approach to study biofilms. Those analyses have been extensively
used to screen and to identify genes, proteins and metabolites
related to biofilm formation. The knowledge in that field will
increase the information in the biofilms regulatory pathways
and will stimulate the discovery and the development of new
strategies to control microorganisms in biofilms.

Some studies have tried other strategies to control and prevent


biofilm formation. Lequete et al. [10] analyzed the cleaning
efficiency of polysaccharides and proteolytic enzymes against
biofilms of bacterial species found in food industry. Winkelstroter
et al. [11] and Winkelstroter et al. [12] evaluated the use
of antimicrobial molecules known as bacteriocins and that
researchers found a potential use of them to influence Listeria
monocytogenes biofilm formation. Valeriano et al. [13] evaluated
the anti-biofilm effect of with essential oils (EOs) of peppermint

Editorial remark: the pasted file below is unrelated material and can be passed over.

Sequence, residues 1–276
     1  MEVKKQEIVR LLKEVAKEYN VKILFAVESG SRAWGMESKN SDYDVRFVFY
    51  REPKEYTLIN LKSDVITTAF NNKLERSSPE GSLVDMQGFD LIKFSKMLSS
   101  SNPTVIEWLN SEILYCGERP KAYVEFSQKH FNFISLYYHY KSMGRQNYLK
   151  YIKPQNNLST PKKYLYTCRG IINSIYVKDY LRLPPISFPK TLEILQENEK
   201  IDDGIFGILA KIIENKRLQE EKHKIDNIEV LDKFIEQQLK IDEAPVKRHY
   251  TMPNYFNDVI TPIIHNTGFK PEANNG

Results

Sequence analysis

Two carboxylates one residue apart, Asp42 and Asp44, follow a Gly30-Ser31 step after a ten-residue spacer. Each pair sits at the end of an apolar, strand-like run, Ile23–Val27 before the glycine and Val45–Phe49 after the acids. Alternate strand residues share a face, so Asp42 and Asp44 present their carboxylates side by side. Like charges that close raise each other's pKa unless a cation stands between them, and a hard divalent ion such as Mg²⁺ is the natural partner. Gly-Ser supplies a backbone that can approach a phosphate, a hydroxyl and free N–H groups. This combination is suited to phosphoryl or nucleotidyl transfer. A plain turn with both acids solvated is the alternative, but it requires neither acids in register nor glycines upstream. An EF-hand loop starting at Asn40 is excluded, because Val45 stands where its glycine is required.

(Mentha piperita) and lemongrass (Cymbopogon citratus) against
biofilm formation by S. enterica serotype Enteritidis S64.

Biofilms were first described by Antonie van Leeuwenhoek,


however, the theory describing the biofilm process and research
in bacterial biofilms have become more consistent over the
past 40 years. Even so, the knowledge of the control and
the prevention of biofilm is a challenge until nowadays. The
complexity of biofilms can be attributed to various aspects of
this form of bacterial growth such as increased resistance to
antibiotics, different growth rates, interactions between species.
Currently, research in biofilm field requires the interaction of
different areas of knowledge which enables the development of
a multidisciplinary work. That can be a manner to increase the
expectations for development effective alternatives to combat
them and to answer so many questions.

Recently De Angelis et al. [14] investigated the relative abundance


of extracellular and cell wall associated proteins (exoproteome),
cytoplasmic proteins (proteome), and related phenotypic traits

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JA

Biochemistry & Molecular Biology Journal

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2015
Vol. 1 No. 1:5